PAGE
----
How do you represent Phallic Tenderness?

The third artefact in the D.H. Lawrence Memory Theatre is the phallus which we are publishing in September to coincide with both Lawrence (11th) and Millett’s (14th) birthdays. But representing such a divisive symbol as the phallus has been difficult…

If somebody hacked my Google account, they might jump to some fanciful conclusions about who I am. This is because my searches have included ‘penis shaped plants’, ‘penis shaped buildings’, cockerels, etc. Consequently, my Google algorithm is generating a variety of unwelcome suggestions for leisure activities and body enhancing surgery. As always, context is everything.

The third artefact in the D.H. Lawrence Memory Theatre is phallic tenderness. For this, we’ve commissioned Stephen Alexander, author of Torpedo the Ark, to write twelve mini essays that explore it’s use by Lawrence. I asked Stephen to write twelve as I originally had the idea of creating a Speaking Cock, with a phallus as an hour handle. Visitors to our website would touch the screen, the cock handle would spin around, and one of the generated essays would be read aloud. I even contacted a Flemish woman to see if she would like to read out the essays. She never responded.

Todger talk is very embarrassing for us Brits. Lawrence was acutely aware of this, observing in the essay ‘Introduction to These Paintings’ that British artists are only able to paint the landscape because ‘it doesn’t call up the more powerful responses of the human imagination, the sensual, passional response[i]’thus the English ‘have delighted in landscape, and have succeeded in it well. It is a form of escape for them, from the actual human body they so hate and fear, and it is an outlet for their perishing aesthetic desires[ii]’.

It’s partly for this reason that he painted a phallus into his pictures to ‘shock people’s castrated social spirituality’. I thought the ‘Speaking Cock’ was a fun way of broaching a potentially divisive theme, particularly given the sensitive times we live in, but decided against it for fear of trivialising what was a sacred symbol to Lawrence. This would have turned our project into a cabinet of curiosities, a gimmick to gawp at, rather than a careful curation of artefacts that explore key themes in his work.

Another reason for rejecting the Speaking Cock is technological and related to how users access the memory theatre through different devices. Viewed on a laptop or iPad, our website content can be structured in columns and rows. The Speaking Cock could be broken up into three rows of four, meaning we could emulate a clock face of twelve hours – one for each essay. But when viewed on a phone, each essay would be broken down into a singular row to be scrolled through and so the image wouldn’t make sense.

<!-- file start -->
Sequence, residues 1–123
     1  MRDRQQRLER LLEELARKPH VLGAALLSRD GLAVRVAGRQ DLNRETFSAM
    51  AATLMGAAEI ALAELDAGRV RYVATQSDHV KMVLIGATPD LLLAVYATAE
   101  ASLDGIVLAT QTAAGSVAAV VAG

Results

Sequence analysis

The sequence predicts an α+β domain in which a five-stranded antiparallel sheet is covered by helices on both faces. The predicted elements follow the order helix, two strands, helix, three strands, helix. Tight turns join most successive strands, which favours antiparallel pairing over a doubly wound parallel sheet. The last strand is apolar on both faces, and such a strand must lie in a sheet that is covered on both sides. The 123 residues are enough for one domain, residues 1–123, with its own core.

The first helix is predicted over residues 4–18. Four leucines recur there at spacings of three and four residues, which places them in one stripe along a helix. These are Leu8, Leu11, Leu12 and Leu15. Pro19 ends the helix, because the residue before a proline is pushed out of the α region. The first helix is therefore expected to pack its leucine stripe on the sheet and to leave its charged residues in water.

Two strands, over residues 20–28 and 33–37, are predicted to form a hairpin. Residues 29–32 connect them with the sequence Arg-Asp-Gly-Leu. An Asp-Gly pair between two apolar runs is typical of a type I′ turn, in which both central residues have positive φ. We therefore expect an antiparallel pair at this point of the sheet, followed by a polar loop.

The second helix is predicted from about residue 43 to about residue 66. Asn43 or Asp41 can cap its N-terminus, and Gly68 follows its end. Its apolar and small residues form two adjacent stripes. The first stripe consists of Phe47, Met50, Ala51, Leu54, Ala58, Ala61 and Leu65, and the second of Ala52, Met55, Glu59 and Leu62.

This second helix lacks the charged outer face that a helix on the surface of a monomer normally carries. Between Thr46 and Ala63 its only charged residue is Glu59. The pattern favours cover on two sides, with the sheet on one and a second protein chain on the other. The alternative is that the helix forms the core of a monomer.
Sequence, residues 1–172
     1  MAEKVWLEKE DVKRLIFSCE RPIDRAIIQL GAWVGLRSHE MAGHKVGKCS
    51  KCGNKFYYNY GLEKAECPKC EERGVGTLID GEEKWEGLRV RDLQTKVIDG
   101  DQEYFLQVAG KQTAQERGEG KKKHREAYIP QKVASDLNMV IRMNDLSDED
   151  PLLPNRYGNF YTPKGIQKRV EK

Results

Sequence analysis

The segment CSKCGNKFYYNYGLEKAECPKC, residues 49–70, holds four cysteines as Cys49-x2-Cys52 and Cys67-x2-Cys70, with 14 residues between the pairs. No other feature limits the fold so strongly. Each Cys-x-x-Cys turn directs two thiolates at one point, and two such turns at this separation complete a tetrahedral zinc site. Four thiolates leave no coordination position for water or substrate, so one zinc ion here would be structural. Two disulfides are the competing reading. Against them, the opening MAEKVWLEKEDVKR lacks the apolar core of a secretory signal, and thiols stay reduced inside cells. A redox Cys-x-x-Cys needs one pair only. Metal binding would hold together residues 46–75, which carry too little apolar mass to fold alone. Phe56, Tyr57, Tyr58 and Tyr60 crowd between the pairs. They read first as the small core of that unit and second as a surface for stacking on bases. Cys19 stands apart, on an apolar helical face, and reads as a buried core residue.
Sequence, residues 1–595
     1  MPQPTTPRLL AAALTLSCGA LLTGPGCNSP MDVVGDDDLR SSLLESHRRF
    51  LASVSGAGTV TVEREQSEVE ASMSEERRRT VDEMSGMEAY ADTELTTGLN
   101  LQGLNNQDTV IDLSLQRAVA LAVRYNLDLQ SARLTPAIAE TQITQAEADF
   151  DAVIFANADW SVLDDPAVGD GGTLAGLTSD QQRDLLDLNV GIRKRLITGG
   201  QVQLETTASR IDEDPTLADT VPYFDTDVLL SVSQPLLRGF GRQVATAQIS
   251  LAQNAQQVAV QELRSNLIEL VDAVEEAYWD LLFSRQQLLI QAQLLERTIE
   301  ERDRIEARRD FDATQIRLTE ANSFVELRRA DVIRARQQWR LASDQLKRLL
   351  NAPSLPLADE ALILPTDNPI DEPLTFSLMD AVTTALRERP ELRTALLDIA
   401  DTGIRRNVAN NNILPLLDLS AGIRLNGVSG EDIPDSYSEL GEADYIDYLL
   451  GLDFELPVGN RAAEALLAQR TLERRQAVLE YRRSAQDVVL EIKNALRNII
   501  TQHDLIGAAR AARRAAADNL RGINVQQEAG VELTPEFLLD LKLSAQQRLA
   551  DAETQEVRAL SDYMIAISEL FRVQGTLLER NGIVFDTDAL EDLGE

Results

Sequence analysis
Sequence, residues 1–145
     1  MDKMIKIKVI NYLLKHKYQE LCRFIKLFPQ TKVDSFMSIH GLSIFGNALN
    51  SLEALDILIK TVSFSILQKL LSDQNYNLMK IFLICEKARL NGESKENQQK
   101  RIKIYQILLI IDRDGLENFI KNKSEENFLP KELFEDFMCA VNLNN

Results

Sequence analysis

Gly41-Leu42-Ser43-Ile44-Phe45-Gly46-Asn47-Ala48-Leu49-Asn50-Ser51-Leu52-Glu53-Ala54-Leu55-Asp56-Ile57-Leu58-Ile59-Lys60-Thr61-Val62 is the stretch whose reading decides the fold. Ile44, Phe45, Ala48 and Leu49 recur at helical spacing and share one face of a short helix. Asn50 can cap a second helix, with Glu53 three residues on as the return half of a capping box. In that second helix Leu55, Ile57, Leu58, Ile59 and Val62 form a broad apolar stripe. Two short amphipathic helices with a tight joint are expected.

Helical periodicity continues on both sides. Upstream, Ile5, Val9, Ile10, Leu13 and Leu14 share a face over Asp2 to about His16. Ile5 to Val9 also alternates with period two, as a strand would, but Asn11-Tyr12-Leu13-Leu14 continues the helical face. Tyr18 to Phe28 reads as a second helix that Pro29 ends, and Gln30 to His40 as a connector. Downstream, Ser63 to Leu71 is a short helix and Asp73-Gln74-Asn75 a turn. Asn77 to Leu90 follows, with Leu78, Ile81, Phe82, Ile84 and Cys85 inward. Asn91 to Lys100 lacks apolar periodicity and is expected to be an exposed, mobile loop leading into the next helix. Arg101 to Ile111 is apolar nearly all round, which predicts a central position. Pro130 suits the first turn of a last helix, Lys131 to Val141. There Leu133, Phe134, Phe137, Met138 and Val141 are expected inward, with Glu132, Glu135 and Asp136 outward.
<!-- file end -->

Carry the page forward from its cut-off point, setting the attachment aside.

Phallus horizontal

In the end I created an image that combines a phallus and a phoenix – Lawrence’s personal emblem of rebirth – and then framed it with a border of flowers. I used the ‘fringe’ filter in Pixlr to distort the colours and create a hallucinogenic effect – to represent the energy flow of this transformative symbol.

Another issue was finding appropriate holding images for each essay. The two previous artefacts in the memory theatre comprised of four essays. As this one included twelve (because they were originally intended to form a clock) it would have looked like we’d gone willy mad if I’d populated it with twelve phallic images. Thus, it took a long time to design appropriate images that reflected the content of each essay.

The essays were initially published between November and December 2021 on our Instagram
I was hoping the essays would appear on the website at the same time but this has not been possible because Paul, my co-producer, has been too busy. He has his hands in various pots and also has his own business, Think Amigo, to run. Fortunately, I was able to secure some funding to lure him away for a bit and he’s produced a superb WordPress interface which means I now have access to the website and can help with layout and design content.

I’ve spent many years as an editor on projects and I become hungrier and hungrier for complete autonomy. Over the past few years, I’ve learned graphic design, video and sound editing, and can even read a bit of code. This not only provides the stimulation and variety to get out of bed each morning, but, on a pragmatic level, means you are less reliant on other people to get a job done. It is our intention to submit a funding bid at some point and bring in other people to help us with the project, but until we have time to do that, learning
new skills is vital to ensure the memory theatre, like Lawrence, keeps moving,
and what’s more, with haste.      

[i] ‘Introduction to these Paintings’ in D.H. Lawrence: Complete Essays, Blackthorn Press.
2009. Page 449

[ii] Ibid

You can read the essays here: